Barber

Job Description (What the job involves)

Barber shops were common place up until the 1940’s; after which they experienced a decline as razors began to be mass produced. Visiting the barber became less convenient as razors were readily available and a trip to the Barber was more of a special occasion than a required necessity.   The introduction of unisex hair salons also contributed to the decline.
However Barbers are becoming increasingly popular at present.  Men can often feel intimidated by female dominated hair salons and prefer to visit an all-male environment.

What does a Barber do?

A barber specialises in male hair grooming; which includes cutting and colouring hair, trimming and shaving of beards and moustaches and sometimes even eyebrow waxing when required. They need to be specifically skilled in cutting men’s hair and familiar with certain techniques pertaining to male grooming, including clipper work, scissors-over-comb and hot lather shaving with a straight blade.

Upsides and Downsides

In life, everyone needs a haircut, and being a barber is a busy and full on career which is very rewarding. A Barber can expect to work long hours which may include weekends or evening shifts. This is always dependant on the salon in which they will work; but since many people have full schedules, evening and weekends are usually the busiest time for a Barber. Barbers spend long periods of time on their feet and must build up stamina so as not to get fatigued during work. Barbers get to meet all kinds of very different characters during their working day which adds plenty of variety. Being a barber is a fun and creative career. There is often instant satisfaction and reward as clients leave happy with their new haircut.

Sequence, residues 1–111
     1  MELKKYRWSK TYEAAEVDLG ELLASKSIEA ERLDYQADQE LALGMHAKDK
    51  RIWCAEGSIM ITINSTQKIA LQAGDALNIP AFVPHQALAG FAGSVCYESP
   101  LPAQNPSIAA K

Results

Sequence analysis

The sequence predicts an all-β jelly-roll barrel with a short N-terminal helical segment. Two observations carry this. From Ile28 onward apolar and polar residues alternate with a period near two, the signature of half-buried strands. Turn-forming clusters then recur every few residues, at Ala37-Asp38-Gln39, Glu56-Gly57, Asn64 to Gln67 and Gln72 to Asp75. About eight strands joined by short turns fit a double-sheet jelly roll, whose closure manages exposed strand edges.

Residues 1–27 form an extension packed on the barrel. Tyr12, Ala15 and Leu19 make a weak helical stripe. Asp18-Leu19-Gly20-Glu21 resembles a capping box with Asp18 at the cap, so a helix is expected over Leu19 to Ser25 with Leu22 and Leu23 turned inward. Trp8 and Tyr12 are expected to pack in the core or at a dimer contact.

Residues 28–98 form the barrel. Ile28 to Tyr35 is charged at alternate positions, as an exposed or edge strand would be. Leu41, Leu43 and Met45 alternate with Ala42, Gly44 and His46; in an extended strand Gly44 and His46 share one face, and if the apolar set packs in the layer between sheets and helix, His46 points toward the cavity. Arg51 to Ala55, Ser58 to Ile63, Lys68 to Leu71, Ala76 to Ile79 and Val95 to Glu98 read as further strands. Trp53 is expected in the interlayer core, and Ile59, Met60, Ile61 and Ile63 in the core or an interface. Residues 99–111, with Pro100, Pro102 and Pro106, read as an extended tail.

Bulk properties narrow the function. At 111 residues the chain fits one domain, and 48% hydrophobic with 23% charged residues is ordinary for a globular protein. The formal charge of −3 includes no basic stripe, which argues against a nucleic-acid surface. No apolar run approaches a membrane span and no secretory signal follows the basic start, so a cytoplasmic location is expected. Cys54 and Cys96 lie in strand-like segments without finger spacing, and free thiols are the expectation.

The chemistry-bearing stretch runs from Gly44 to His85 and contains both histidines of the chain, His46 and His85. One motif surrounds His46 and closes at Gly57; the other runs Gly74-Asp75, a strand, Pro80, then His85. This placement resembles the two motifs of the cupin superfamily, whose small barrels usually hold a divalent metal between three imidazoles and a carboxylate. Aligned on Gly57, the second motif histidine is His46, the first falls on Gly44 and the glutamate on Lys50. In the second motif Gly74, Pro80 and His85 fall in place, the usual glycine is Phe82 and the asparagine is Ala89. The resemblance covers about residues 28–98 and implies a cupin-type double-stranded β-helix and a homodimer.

Skills and Personal Qualities

  • A people person. Barbers interact with people every day and therefore must love talking and engaging with people from different backgrounds and walks of life.
  • Good conversation skills. They should love to make conversation and be able to build relationships with their clientele and instil trust so that their clients will want to come back to them every time.
  • Good listeners. They must show genuine interest in what their clients are saying and must be good listeners who are able to follow instructions from their clients.
  • Creative. Barbers need to have natural creativity, as well as a steady hand for creating excellent hairstyles that their clients are happy with.
  • Time management skills.  As a barber’s day runs to appointments, a barber must have excellent time keeping skills and be punctual.
  • Fit and healthy. Since a barber is required to be on his/her feet throughout the day, they should be fit and healthy with lots of energy.

Entry Requirements

A Barber requires knowledge of past and current hairstyles and trends, an understanding of hair and skin types and knowledge of health and hygiene regulations. They need to have a fairly wide range of knowledge on skin analysis and different skin disorders, so they can prescribe the right products to their clients and know which products may react with certain scalp conditions.

A Barber can study at a specialised barber college or do an apprenticeship to gain hands on work experience. Qualifications gained from college will be an NVQ level 2 in barbering. Intensive 8 week courses are available as well as longer diploma courses.

Opportunities and Progression

Barbers may also work on film/television sets, move into management or work in a college teaching barbering to students.

 

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Potential Salary and Benefits

Entry level Barbers can expect to earn between £7000 – £12,000 as a basic salary plus commission.
Barbers with over ten years’ experience can earn from £15,000 up to £25,000 plus a commission structure. The ‘per hour’ salary of a Barber is between £7 to £13. 
When a barber is newly qualified he/she can look for work in a male grooming salon; or could start out by renting a chair within an existing barber shop. Both will help the barber in gaining exposure and experience. If the intention is to one day open up their own salon, renting a chair is a great place to start out. It is an excellent way to save money as the rent will be considerably lower and also a great way of building up a clientele as word of mouth referrals are vitally important in this industry. Barbers may also work on film/television sets, move into management or work in a college teaching barbering to students.

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